*The LTA was fully abolished on 6 April 2024 and was replaced with three different allowances - the lump sum allowance (LSA), the lump sum and death benefits allowance (LSDBA) and the overseas transfer allowance (OTA). Find out more.

How PensionBee manages Pension Sharing Orders

We understand that divorces are often difficult experiences. PensionBee customers are supported throughout the Pension Sharing Orders process by their BeeKeeper. Here’s our step-by-step guide of how to begin the Pension Sharing Order process with us.

Before the Pension Sharing Order’s requested:

  1. If applicable, send us your Inquiry Form. In most cases this form’s needed by the court when a Pension Sharing Order’s being made and requires both parties’ pension providers to fill out details of the pension savings held with them. It also checks if the provider’s happy to receive an incoming amount from the Pension Sharing Order, if the court orders it.
  2. We’ll complete your Inquiry Form. Once your BeeKeeper’s received the Inquiry Form, they’ll begin filling it out and will send back a completed version for your divorce proceedings as soon as possible. You can share this with the courts to help them reach a decision on any financial settlement they choose to make.

If the Family Court requests a Pension Sharing Order:

  1. Inform your BeeKeeper. Your BeeKeeper will need a scanned copy of the following documents: the court stamped Decree of Absolute, the full Consent Order, and the General Order (also known as Pension Sharing Order or Pension Sharing Annex). If we’re splitting your pension, we’ll also need these documents to be certified, which a solicitor can help with, for example.
  2. We’ll check your documents. Our Compliance Team will review your scanned documents to ensure everything’s in order. If we’re splitting the pension, we’ve got four months from receiving all valid documents to process your Pension Sharing Order transfer. If we’re receiving a split portion, the other provider will have four months to complete this. The next steps differ based on if you’re ‘receiving’ or ‘splitting’ funds.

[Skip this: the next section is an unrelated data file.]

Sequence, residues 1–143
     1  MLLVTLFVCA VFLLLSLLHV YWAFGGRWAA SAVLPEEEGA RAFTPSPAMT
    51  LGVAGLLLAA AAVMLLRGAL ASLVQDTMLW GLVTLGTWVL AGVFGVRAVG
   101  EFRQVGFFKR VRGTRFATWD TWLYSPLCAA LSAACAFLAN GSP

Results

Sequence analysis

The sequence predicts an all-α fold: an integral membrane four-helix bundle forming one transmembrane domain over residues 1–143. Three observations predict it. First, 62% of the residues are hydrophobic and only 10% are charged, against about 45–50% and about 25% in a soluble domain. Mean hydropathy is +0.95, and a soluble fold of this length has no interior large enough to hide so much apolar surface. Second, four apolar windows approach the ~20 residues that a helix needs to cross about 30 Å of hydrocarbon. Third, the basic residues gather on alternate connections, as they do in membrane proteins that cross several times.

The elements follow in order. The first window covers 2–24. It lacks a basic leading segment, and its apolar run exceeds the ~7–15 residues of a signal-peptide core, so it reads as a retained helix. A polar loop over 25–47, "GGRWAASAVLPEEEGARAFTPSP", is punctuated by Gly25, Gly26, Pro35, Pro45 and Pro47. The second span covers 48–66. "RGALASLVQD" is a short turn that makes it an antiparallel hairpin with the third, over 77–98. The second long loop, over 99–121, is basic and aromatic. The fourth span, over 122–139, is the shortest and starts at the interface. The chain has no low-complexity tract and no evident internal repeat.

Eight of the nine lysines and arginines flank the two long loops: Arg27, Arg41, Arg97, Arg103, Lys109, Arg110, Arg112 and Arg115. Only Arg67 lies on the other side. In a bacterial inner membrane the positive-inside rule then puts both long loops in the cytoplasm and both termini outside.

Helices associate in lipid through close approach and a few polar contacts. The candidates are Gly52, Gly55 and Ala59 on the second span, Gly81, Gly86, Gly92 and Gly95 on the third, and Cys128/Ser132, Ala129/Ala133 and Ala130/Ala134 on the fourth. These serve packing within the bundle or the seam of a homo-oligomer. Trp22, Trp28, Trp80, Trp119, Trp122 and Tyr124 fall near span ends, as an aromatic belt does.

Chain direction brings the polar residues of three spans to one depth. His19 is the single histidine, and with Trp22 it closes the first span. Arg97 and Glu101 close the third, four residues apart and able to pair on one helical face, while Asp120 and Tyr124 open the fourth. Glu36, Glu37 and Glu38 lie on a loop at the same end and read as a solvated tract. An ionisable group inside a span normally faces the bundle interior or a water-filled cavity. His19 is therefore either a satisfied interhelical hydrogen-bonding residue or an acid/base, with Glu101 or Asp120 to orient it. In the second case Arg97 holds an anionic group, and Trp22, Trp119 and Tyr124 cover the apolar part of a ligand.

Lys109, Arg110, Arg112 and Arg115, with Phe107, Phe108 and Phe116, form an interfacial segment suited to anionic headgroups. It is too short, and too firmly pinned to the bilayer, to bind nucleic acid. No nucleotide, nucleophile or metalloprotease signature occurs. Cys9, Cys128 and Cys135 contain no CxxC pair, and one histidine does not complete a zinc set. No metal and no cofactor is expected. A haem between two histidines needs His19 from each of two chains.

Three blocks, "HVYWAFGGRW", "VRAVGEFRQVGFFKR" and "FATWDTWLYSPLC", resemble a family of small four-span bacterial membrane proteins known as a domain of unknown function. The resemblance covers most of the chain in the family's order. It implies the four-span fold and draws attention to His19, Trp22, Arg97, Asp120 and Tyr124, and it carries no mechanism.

If you’re receiving funds from a Pension Sharing Order, we’ll need to send a special Letter of Authority (LOA) to your former spouse’s pension provider. We’ll have their details from the Pension Sharing Order/Annex, so no extra steps are needed from your side.

If you’re splitting funds with your former spouse, we’ll need the receiving scheme to reach out to us with their request instead. Please note in some cases we may need to briefly pause contributions or withdrawals from your pension so your remaining balance can be split and sent to your former spouse’s pension provider. We’ll be sure to inform you if that’s required.

At PensionBee we strive for total transparency about our pensions. We have an annual management fee based on the value of your pension pot. We don’t charge you any additional fees to process your Pension Sharing Order.

In episode 14 of The Pension Confident Podcast, we discuss the impact your relationship status has on your finances - whether you’re single, cohabiting, separated, divorced, or widowed. Hear from the Founder of This Girl Talks Money; Ellie Austin-Williams, Barrister and Family Mediator; Paul Infield and Director (VP) Public Affairs at PensionBee; Becky O’Connor and listen to the episode, watch our guests in the studio or read the transcript now.

Risk warning

As always with investments, your capital is at risk. The value of your investment can go down as well as up, and you may get back less than you invest. This information should not be regarded as financial advice.

Last edited: 06-04-2024